2) Trunk Habitat: Creating a Thriving Ecosystem and Highway
The trunks of fallen trees (aka logs) are an extremely important and valuable habitat type in forests. Many different types of salamanders, millipedes, and other critters will seek shelter in the cooler, damper environment under the log. As the bark loosens up on the log, everything from pleasing fungus beetles to fence lizards will seek shelter there.
Mushrooms and other types of fungi, not to mention slime molds, will quickly colonize the log and begin the process of decomposition. Beetles and wood boring bees will also move into the fallen logs which provide nurseries for their young.
The presence of beetle larvae and other wood boring insects is like ringing a dinner bell for woodpeckers. They aren’t picky and will forage from fallen trees as quickly as from standing ones. Other birds will also often forage along the log picking at loose bark and gobbling down insects they find.
As the log rots and becomes hollow, it may provide shelter for a wide range of mammals depending on the size of the log and the cavity. In addition to the shelter and foraging opportunities provided by the log, it can also serve as a small mammal superhighway. Logs are a favorite place for everything from mice to squirrels to raccoons and more to travel above the dense vegetation growing around the log.
3) Seedling Nursery: Increasing Biodiversity in Canopy Gaps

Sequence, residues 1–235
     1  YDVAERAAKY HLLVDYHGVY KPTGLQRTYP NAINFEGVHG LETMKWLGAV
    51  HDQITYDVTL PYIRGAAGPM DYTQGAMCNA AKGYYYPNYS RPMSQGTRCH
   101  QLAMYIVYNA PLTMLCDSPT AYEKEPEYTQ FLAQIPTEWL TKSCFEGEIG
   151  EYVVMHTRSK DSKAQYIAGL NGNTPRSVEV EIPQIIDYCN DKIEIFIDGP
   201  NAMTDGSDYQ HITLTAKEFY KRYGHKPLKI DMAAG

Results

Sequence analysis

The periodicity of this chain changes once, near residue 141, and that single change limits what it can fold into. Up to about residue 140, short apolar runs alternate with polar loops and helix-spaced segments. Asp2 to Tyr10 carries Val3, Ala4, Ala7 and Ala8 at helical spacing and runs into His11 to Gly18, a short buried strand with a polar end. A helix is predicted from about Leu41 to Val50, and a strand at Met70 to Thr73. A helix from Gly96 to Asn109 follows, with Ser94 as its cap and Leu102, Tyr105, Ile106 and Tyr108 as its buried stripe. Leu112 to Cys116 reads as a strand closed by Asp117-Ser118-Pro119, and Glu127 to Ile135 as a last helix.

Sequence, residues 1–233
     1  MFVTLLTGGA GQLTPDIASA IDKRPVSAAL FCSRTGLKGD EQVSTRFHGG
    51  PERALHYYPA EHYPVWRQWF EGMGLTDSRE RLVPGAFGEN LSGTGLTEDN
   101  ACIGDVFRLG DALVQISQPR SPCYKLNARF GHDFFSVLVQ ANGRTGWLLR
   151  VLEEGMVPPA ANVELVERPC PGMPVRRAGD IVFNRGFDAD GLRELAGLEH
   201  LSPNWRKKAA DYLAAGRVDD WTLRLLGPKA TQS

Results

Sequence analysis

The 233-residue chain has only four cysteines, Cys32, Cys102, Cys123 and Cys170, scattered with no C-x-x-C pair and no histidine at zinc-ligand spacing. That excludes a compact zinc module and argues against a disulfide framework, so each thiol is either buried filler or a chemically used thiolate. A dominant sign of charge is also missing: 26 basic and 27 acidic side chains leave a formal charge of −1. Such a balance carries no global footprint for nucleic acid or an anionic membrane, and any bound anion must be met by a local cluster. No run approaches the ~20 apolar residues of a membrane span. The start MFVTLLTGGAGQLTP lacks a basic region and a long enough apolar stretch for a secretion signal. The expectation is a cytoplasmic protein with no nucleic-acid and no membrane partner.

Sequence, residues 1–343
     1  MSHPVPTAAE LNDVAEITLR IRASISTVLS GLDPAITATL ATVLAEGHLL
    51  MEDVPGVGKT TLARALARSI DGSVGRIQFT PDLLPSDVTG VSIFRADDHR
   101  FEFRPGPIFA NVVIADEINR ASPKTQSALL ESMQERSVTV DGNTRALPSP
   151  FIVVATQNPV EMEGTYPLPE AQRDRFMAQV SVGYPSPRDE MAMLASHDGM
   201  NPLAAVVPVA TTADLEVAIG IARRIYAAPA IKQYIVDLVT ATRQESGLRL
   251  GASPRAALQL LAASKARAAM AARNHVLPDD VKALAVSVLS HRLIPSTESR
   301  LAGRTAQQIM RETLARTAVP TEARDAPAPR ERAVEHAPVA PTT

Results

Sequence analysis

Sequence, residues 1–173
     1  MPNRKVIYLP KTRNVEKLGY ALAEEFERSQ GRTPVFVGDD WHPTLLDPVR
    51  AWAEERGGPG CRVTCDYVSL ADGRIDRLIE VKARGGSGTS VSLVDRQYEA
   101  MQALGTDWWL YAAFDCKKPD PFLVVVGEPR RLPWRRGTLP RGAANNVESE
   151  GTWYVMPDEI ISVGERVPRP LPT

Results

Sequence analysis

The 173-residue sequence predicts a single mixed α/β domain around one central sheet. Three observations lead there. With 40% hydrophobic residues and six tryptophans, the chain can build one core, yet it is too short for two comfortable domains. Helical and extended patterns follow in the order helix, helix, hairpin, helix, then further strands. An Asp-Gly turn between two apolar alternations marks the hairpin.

Once a tree comes down, especially in a forest or woodlot, it creates what is known as a canopy gap. Simply put, a canopy gap is just a hole in an otherwise closed or mostly closed tree canopy. Or put another way, a gap in the woods.
This gap in the woods allows more light to reach the ground which stimulates a flush of new growth from saplings and seedlings in the area. This new growth can increase species diversity in the forest understory because species that thrive in the sunnier gaps may not be the same species that thrived in the shadier locations under the tree’s canopy.
All that tender, fresh, new plant growth is going to also attract deer. And let’s face it, in much of the eastern U.S. our white-tail deer populations are way overpopulated. Numerous research studies have shown that high deer populations in wilder areas can have significant negative impacts on many native plant species, especially herbaceous plants or what we commonly call flowers. Many native plant gardeners can attest to this also being true in garden or “less wild” situations.
However, that’s one of the ways that treetops from fallen trees can provide important microhabitats. In the areas where the branches are open enough to allow sunlight to hit the ground, new seedlings and saplings will sprout under the branches. The branches and twigs above them will provide a bit of screening and protection from hungry deer because nothing likes to have their eyes poked by sticks as they try to eat. These “seedling nurseries” allow the new seedlings and saplings to get established before being exposed to the pressures of browsing deer.
4) Brush Pile: Providing Dense Hiding Places
Parts of the treetop where the branches are denser and don’t allow much light to hit the ground are important in a different way. These denser portions of the treetops form natural brush piles. Brush piles provide shelter as well as foraging locations for a wide variety of insects, birds, mammals, and more. The sparsely vegetated ground beneath a brush pile can also provide important nesting sites for ground nesting bees.
So, should we leave every fallen tree?
Absolutely not. Like with anything else when we are talking about creating or managing habitat around our homes, it’s about finding the right balance for your specific location and situation.